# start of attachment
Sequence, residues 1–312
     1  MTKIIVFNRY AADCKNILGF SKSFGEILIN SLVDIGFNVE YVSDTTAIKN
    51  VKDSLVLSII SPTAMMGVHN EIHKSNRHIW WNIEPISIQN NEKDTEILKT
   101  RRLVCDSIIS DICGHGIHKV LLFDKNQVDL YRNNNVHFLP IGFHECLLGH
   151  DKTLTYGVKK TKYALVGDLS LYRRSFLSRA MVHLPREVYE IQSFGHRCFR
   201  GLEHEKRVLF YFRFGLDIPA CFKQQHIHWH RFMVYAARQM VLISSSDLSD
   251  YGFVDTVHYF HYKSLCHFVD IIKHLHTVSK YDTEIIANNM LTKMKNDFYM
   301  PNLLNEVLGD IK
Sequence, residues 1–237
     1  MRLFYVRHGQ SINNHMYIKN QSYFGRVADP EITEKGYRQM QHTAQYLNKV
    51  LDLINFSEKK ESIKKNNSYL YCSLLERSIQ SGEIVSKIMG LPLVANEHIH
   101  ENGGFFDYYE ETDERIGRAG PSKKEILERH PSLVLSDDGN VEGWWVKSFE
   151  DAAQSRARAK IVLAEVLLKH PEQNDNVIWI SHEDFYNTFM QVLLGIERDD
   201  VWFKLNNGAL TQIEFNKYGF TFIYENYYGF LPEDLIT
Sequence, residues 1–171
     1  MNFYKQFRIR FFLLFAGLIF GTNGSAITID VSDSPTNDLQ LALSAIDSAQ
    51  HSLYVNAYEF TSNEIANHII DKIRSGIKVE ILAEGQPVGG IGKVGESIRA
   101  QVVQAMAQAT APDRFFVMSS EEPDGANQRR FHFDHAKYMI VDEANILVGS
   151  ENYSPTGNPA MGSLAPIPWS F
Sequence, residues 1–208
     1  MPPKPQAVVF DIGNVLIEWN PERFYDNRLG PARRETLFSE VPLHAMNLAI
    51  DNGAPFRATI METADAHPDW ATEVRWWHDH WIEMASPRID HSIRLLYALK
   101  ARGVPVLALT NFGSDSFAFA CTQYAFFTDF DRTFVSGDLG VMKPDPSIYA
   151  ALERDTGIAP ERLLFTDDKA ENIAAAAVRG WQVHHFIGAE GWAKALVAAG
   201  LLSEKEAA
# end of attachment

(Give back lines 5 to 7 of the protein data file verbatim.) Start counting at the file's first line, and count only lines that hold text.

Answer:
   151  DKTLTYGVKK TKYALVGDLS LYRRSFLSRA MVHLPREVYE IQSFGHRCFR
   201  GLEHEKRVLF YFRFGLDIPA CFKQQHIHWH RFMVYAARQM VLISSSDLSD
   251  YGFVDTVHYF HYKSLCHFVD IIKHLHTVSK YDTEIIANNM LTKMKNDFYM